Key areas of focus

• Early Detection of Cancer
• Advanced Cancer Imaging
• Drug Development and Clinical Trials
• Longitudinal Mapping of Treatment Response and Cancer Heterogeneity

Cancer Research UK Cambridge Institute

Five of the top 10 causes of disease-related death in the UK are cancers, imparting significant disease and financial burdens that will increase dramatically over the next 15 years. Therefore, the overarching goal of the Cancer theme is to reduce the morbidity and mortality of patients with cancer by translating the wealth of biomedical research in Cambridge and beyond into better ways to diagnose and treat cancer. Cambridge BRC funding underpins the infrastructure and resources needed to break down the barriers between the laboratory and the clinic, enabling patients to benefit from the latest innovations in cancer science.

The Cancer Theme is based within the Cancer Research UK Cambridge Centre (CRUK) – one of only two Cancer Research UK Major Centres. The CRUK Cambridge Centre, which is a partnership between the University of Cambridge, Cambridge University Hospitals NHS Foundation Trust and Cancer Research UK, brings together a dynamic collaboration of academic researchers, healthcare professionals, and the pharmaceutical and biotech industries based in the Cambridge area.

To maximise translational opportunities, the Centre comprises 12 discipline-focused programmes populated by laboratory scientists and clinicians. Our strategy is to invest Cambridge BRC resources to leverage Cambridge University collaboration and innovation in physics, engineering, chemistry and the biomedical sciences to advance novel diagnostics and treatments of cancer.

We are adopting a proactive approach that is changing the way we treat cancer: moving from a system that waits for primary or recurrent cancers to present, to a strategy that detects, monitors and treats cancer early.

(a) Treating cancer early with appropriate intensity: The development of early diagnostics and personalised cancer medicine holds promise to reduce both the disease and financial burdens caused by cancer. For example, it is estimated that once implemented, the CytospongeTM screen for Barrett’s oesophagus will markedly reduce morbidity and mortality by treating patients before they develop oesophageal cancer. Further, by matching disease biology with appropriate treatments, our clinical trials will enable the development of highly effective but less intense chemotherapies.

(b) Determining and disseminating best practice guidelines: Our strategy will not only identify optimal therapies but also disseminate these discoveries as best practice guidelines across healthcare delivery networks.  The IMPORT High and other trials led by the Cancer Theme have set practice guidelines for breast radiotherapy across the UK and in particular have enabled other UK centres to safely integrate advanced radiotherapy techniques as a standard of care.  Our strategy will also evaluate the health related quality of life (HRQL) benefits for patients with the most aggressive and difficult to treat cancers; for example demonstrating the cost-effective HRQL gain for patients with refractory oesophagogastric adenocarcinoma.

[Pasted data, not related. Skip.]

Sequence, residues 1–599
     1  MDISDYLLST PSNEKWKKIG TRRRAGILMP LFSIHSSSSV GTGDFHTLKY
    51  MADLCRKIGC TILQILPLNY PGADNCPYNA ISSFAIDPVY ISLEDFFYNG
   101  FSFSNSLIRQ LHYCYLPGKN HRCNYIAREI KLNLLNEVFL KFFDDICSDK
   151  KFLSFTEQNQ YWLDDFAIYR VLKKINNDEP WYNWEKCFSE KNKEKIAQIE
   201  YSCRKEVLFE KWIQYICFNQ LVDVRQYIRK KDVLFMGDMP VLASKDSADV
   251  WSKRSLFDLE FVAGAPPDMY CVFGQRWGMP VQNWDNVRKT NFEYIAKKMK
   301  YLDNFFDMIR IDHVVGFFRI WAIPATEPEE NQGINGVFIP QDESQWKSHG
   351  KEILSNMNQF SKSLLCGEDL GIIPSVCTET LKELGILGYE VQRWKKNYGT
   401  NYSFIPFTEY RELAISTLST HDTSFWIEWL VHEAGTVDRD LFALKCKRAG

(c) Translating basic cancer research into new therapies and diagnostics: As well as optimising the use of existing treatments, our strategy will translate laboratory research in the biomedical and physical sciences into new diagnostics and therapies.  We will continue this legacy of translating Cancer Centre-led laboratory research into patient benefit.  For example, pivotal laboratory research that identified Bromodomain and Extra Terminal (BET) proteins as drug targets in leukaemia and other cancers have led to large Phase I trials of this treatment (GSK525762) in collaboration with GSK. Similarly, basic laboratory research of pancreatic cancer has led directly to randomised Phase II trials that are testing if nab-paclitaxel or vandetanib improve the survival of patients with this cancer.

We will work closely with the other Cambridge BRC Research themes, most notably Integrative Genomics and Women’s Health and Paediatrics (on paediatric cancer), and cross-cutting research themes.

Our programmes 

Cancer Research UK Cambridge Institute

Our members are organised into 12 Programmes that comprise the ‘engines’ of our research. Working together across multiple academic, hospital and private sector settings in the wider Cambridge area, our Programmes design and drive mission-centric cancer research:

  • Discovering new ways to diagnose, monitor and treat the most common and hard to treat cancers through the *Aerodigestive, *Neurobiology and Brain, Breast, Haematological, Ovarian, *Paediatric, *Pancreatic and Urological Cancer Programmes (*CRUK-designated cancers of unmet need).
  • Making fundamental discoveries in cancer biology and inventing new diagnostic and treatment approaches through our Advanced Cancer Imaging, Cell and Molecular Biology, Early Cancer Detection and Onco-Innovation Programmes.  The Onco-Innovation Programme includes professionals from the CRUK Medimmune Alliance and AstraZeneca; uniting pharmaceutical partners and academics to develop new cancer treatments.
  • Engaging our entire membership through our Executive Board that comprises two representatives from each Programme (typically one clinical and one laboratory-based), facilitating communication between the Centre leadership and membership, and ensuring a unified approach to achieving our mission.